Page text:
Wide receiver Cedrick Wilson, linebacker Leighton Vander Esch and tight end Jake Roh were big losses, but just about every other starter is back for Boise State, including Brett Rypien for his fourth season at quarterback. As a result, it’s a relatively safe assumption this team will win at least 10 games for the 16th time in 20 years.
In fact, if the Broncos win their Week 3 road game against Oklahoma State, an undefeated season will become a possibility. Just don’t expect it to get Boise State any closer to the CFP than UCF was last year. Rypien and Co. don’t face a single opponent in the preseason Associated Press Top 25, and Fresno State (one point) is the only other Mountain West Conference team that was even acknowledged in that poll.
Biggest Drop: LSU Tigers
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Based on offseason changes, if LSU were going to move, it probably should have gone up a couple of spots. The Tigers added Ohio State graduate transfer Joe Burrow to its list of quarterback options, and wide receiver Justin Jefferson had such a breakout spring that he went from an unknown commodity absent from most way-too-early depth charts to a projected starter alongside Jonathan Giles.
Yes, the Tigers lost a lot from last season, including Derrius Guice, Arden Key and several other entrants to the draft, but none of those things have changed since our initial poll. If anything, they’re better off than expected.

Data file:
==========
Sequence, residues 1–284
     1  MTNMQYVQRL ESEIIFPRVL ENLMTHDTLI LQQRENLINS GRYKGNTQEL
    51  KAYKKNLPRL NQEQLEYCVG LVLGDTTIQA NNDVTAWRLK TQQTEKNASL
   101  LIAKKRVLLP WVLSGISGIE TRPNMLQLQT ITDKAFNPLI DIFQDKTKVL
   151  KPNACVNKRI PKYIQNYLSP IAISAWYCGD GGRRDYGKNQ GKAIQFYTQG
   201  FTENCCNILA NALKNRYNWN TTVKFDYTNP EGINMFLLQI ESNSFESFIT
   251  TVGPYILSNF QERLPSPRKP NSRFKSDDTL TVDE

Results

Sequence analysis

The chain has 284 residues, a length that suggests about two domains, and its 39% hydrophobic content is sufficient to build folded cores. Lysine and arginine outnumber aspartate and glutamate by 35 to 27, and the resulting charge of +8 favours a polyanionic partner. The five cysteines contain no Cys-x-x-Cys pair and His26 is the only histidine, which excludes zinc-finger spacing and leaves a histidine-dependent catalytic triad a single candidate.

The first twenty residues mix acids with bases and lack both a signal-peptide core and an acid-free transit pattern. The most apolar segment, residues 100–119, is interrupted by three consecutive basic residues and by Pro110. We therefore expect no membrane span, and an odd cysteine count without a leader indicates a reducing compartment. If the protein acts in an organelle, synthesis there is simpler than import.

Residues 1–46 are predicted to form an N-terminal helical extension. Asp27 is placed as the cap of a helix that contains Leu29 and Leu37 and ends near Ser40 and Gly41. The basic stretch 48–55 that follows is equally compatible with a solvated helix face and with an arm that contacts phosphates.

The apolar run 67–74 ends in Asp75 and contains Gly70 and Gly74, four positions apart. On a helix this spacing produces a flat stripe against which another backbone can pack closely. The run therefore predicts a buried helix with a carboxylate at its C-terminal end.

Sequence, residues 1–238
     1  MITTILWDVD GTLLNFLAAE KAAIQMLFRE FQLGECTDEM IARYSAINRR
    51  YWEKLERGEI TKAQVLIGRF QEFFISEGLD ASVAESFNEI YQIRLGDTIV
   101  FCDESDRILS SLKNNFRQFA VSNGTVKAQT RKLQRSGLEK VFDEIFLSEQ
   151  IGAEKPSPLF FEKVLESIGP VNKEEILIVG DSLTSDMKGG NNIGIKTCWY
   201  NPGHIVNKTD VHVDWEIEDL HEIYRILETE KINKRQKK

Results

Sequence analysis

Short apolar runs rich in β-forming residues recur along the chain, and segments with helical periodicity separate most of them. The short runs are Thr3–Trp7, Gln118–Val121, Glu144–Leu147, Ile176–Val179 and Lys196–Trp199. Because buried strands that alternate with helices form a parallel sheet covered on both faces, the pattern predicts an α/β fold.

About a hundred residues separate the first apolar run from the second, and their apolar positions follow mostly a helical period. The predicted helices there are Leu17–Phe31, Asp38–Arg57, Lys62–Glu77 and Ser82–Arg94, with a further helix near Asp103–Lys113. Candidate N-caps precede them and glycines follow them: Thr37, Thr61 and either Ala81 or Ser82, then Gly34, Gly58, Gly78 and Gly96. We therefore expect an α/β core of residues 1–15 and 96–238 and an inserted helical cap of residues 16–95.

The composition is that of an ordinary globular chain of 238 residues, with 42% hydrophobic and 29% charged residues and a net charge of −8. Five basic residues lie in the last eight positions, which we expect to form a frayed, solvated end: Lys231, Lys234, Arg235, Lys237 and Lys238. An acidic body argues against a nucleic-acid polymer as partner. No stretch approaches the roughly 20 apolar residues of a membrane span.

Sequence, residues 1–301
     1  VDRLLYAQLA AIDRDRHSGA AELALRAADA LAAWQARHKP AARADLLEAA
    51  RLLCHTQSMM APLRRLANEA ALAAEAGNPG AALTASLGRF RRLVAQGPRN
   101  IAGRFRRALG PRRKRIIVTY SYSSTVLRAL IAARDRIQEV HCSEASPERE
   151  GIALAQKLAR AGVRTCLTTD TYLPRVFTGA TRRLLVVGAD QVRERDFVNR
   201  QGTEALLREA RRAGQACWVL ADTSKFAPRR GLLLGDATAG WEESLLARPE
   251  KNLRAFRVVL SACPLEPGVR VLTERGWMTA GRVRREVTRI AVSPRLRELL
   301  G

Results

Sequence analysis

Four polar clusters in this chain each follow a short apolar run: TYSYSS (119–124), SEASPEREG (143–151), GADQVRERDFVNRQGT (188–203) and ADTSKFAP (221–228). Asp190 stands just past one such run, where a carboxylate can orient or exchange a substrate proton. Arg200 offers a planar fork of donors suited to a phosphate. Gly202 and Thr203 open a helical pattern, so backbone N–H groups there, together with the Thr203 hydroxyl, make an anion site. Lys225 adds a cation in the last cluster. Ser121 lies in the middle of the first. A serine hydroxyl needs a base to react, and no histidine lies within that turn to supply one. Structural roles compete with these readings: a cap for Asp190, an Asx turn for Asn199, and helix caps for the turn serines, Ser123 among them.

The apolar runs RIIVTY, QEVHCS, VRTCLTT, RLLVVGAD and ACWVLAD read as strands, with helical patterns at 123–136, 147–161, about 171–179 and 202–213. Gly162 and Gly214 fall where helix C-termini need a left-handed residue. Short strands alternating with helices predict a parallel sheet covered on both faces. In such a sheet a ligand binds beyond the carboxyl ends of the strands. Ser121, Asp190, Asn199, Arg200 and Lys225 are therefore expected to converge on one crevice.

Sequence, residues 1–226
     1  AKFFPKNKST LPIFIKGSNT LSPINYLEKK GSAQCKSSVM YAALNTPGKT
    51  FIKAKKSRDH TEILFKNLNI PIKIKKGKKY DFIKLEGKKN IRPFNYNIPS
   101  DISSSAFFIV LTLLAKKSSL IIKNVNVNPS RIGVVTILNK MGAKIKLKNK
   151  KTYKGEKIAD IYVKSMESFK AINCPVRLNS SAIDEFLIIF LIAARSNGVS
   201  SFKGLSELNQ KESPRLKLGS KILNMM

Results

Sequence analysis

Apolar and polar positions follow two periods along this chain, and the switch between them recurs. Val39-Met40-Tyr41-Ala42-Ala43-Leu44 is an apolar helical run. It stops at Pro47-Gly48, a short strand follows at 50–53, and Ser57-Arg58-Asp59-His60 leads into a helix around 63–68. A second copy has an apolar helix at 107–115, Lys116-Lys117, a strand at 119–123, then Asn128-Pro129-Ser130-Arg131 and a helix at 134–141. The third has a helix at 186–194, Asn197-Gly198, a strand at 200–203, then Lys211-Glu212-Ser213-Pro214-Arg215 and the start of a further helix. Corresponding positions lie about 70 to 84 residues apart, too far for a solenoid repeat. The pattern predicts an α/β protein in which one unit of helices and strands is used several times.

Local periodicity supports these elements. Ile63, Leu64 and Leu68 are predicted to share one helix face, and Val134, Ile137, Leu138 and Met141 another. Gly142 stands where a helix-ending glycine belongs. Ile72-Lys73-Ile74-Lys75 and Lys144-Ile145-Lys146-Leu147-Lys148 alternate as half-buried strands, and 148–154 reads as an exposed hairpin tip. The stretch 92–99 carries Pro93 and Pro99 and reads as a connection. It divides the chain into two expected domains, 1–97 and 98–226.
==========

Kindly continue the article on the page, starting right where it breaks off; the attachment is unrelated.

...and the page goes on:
So why did the Tigers go from No. 19 to unranked?
For starters, the improvement in Mississippi State’s stock means some other SEC West team’s stock had to take a hit. The Bulldogs and Tigers basically just switched spots in our poll.
The bigger reason, though, is this is one case in which difficulty of schedule may have affected our rankings. One doesn’t give any thought to schedules in January, but it’s hard to not think about them at this point—particularly with LSU opening the season with a brutal game against Miami. And that’s just the first of four games the Tigers will play versus teams in the preseason AP Top 10.
That isn’t supposed to matter. Preseason rankings should be based on talent, not on projected records. But it’s also hard to rationalize giving a vote to a team you’re expecting to lose at least four times.
New No. 1 Team: Clemson Tigers